The locked door posed no deterrent; a twitch of his wrist, and the tumblers clicked into place. He flicked on the desk lamp with a snap and made a beeline for the locked safe where Oliver kept the CIA's confidential files. They'd been down in this office earlier, when Oliver and that woman MacTaggert had politely interrogated him for every scrap of information he had on Schmidt; he'd seen MacTaggert place her notes into the safe. Rather foolishly trusting of them. Combination locks were hardly barriers to a man of his powers.
But the safe was empty.
"Looking for something?"
Erik whirled around, all the metal in the room humming in anticipation of attack. Charles sat in the far corner of the office, cloaked in shadow. He held a thick file on his lap.
"Tell me," Erik said after a moment, "do you make it a habit to regularly monitor all your associates' thoughts, or am I a special case?"
It was difficult to tell in the dim light, but the edges of Charles's mouth seemed to quirk into a smile. "I wouldn't call it 'monitoring,' although I've had occasion to learn that forewarned is forearmed. But it's hardly my fault this time. You were broadcasting your intentions quite loudly, my friend."
Erik met his gaze evenly. "Then you should know not to stand in my way."
"I don't intend to." To Erik's considerable surprise, Charles got to his feet and held out the file. The name Sebastian Shaw was printed across the front like a brand. "This is everything the CIA currently has compiled on Shaw. Use it wisely."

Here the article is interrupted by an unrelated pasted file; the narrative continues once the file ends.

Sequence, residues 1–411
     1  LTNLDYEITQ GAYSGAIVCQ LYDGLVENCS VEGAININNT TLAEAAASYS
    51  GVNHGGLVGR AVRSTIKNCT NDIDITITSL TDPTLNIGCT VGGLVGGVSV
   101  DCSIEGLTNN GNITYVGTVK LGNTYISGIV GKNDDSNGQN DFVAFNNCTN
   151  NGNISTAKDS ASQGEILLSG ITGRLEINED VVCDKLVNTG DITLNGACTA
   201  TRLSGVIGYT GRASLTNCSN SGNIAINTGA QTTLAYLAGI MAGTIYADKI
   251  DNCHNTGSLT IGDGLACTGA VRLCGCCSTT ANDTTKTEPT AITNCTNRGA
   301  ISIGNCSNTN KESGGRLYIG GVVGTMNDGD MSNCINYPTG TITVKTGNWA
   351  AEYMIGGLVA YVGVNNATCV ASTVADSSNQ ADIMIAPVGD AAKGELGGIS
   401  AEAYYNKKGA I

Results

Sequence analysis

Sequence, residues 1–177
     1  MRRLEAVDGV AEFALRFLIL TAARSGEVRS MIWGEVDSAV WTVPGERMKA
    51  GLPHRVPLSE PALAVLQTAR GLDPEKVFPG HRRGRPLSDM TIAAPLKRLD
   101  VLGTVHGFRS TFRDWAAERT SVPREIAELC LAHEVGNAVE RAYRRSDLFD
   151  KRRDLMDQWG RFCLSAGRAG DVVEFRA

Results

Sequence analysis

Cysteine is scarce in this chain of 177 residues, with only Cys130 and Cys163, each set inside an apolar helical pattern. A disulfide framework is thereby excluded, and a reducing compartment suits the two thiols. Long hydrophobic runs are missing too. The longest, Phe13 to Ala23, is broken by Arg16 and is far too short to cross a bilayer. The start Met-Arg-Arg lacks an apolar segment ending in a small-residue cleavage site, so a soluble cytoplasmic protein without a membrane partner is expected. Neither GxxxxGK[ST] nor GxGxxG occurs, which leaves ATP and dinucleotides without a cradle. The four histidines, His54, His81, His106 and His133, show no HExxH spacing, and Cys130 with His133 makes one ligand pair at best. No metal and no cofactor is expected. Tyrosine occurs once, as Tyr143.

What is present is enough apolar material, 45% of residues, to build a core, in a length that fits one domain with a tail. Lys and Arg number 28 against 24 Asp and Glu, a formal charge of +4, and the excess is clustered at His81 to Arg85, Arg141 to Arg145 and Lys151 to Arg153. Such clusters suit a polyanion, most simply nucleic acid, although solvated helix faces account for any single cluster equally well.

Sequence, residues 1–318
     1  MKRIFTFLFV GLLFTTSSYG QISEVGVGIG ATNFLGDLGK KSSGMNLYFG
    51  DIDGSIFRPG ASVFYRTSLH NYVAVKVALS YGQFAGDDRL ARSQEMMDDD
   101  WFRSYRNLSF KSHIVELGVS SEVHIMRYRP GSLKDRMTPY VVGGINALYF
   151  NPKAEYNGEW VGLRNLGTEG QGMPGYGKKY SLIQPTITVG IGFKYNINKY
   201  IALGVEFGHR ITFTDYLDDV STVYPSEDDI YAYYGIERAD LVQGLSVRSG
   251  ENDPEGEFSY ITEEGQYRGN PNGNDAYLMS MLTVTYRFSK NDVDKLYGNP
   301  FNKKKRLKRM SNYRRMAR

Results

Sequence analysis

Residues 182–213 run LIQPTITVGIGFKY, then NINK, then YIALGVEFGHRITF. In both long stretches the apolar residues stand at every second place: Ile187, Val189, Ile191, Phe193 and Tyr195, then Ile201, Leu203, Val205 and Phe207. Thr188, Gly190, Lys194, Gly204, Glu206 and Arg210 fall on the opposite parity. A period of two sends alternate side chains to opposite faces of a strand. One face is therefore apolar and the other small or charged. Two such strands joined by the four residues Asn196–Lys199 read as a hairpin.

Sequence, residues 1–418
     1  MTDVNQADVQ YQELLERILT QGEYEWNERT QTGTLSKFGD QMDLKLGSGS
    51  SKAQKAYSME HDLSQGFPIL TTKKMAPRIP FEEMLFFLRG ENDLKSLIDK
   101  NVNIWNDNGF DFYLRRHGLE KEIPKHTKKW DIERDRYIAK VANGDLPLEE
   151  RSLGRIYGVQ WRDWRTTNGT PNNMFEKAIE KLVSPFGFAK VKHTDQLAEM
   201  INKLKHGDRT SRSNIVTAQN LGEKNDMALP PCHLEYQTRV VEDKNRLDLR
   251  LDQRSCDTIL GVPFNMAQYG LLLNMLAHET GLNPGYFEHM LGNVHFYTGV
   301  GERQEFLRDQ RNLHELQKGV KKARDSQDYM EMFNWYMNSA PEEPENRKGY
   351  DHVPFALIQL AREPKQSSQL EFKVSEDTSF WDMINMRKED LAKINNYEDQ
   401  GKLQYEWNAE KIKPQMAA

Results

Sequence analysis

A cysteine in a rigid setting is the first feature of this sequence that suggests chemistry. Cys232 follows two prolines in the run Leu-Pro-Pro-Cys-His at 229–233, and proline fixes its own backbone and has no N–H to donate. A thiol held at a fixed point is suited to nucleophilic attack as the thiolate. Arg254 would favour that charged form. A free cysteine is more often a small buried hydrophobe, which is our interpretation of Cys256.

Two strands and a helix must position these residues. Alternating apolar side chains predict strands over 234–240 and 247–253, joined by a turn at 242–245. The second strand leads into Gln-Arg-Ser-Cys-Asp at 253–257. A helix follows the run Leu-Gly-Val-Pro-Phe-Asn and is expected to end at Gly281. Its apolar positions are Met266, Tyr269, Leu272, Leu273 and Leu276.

Erik hesitated, eyes narrowing in suspicion. "You're not going to try to convince me to stay?"
"From what I know about you, I'm surprised you've managed to remain here this long," Charles replied wryly. "Of course I want you to stay, Erik. But will my saying so have the slightest impact on your decision?" He huffed out a breath, not quite a sigh, looking suddenly far older than his years. "I've seen what Shaw did to you. I've felt your agony. And I understand what this means to you. We needn't work at cross-purposes, you and I."
Charles stepped in closer, still proffering the file. Their hands brushed as Erik accepted it. Everything about this encounter left him feeling strangely wrong-footed, discomfited. He was being given what he wanted. He should take it and go. That had been the pattern of his entire adult life to date, all his focus directed to the sole purpose of tracking and killing Schmidt. Charles and his merry band of mutants would only distract him from that goal. And until last night, Erik had never even considered the possibility that there might be others out there like him. Why should that fresh knowledge change anything?